Many cities, regardless of where they are located or the combination of factors contributing to their context, suffer the same challenges—disinvestment and neglect, population loss, abandoned buildings, and pockets of almost immutably bleak landscapes. Far too often, the "solutions" offered in the face of these issues is singular, an idea that exists in a vacuum.
No single building, individual, or program can reroute a neighborhood’s trajectory. Neighborhoods are successful when compound ideas exist with expanded relationships and networks of opportunity. In order to propel work forward, attract these variables by providing the community with a platform.
A platform serves as a foundation that creates new social possibilities, a real or symbolic structure that incubates new economic or artistic prospects. Platform-building means developing opportunities for people to gather and commune. These opportunities do not have to be flashy or expensive or excessively programmed. The event—what is happening—is beside the point. The point is that folks are meeting, exchanging, and learning.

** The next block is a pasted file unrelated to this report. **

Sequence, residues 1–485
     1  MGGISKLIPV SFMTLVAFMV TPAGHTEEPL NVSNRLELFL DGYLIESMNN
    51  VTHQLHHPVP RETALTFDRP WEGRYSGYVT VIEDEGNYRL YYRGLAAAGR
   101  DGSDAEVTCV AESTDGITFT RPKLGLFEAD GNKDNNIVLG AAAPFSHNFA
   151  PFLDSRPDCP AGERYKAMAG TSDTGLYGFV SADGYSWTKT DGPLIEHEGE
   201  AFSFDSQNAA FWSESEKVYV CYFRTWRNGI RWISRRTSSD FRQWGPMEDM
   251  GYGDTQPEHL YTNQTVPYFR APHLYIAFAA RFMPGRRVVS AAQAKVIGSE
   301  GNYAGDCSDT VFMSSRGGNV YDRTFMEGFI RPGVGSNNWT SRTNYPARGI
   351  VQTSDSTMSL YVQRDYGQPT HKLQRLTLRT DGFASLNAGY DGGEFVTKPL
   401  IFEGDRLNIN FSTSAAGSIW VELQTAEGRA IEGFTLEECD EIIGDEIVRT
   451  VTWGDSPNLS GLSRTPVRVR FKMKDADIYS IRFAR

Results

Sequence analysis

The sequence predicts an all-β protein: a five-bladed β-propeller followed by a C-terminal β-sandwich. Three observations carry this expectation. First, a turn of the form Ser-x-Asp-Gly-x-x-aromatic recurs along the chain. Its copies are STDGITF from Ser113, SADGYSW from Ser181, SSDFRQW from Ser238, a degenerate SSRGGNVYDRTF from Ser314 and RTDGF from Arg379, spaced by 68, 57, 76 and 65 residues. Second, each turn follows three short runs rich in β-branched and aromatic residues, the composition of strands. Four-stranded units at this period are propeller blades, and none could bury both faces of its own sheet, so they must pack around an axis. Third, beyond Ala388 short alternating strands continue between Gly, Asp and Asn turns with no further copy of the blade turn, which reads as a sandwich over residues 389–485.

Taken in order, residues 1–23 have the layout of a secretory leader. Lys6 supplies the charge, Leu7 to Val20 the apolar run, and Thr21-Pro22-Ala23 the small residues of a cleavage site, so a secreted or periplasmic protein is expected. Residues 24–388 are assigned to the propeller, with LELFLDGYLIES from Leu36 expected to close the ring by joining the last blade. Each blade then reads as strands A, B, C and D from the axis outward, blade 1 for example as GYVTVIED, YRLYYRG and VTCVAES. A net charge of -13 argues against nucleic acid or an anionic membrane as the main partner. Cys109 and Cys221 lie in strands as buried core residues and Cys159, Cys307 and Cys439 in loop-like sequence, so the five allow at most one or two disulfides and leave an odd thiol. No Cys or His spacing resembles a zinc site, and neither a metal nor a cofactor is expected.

Creating a platform is to create intentional hang time, which builds community through a space that encourages deep conversation, new friendships, and, ultimately, a community of people who want to be a part of transformative work in the neighborhood. A space where like-minded folk can come and say, “What else can be done? What can I do 10 blocks away from my block? How do I share what I love to do with others?”
Platforms in Action
The Silver Room, in addition to its retail offerings, is renowned for its annual Block Party, its long-running open mic "Grown Folks Stories," its gallery offerings, yoga classes, and the opportunities it provides for young, local artists to create, learn, and network.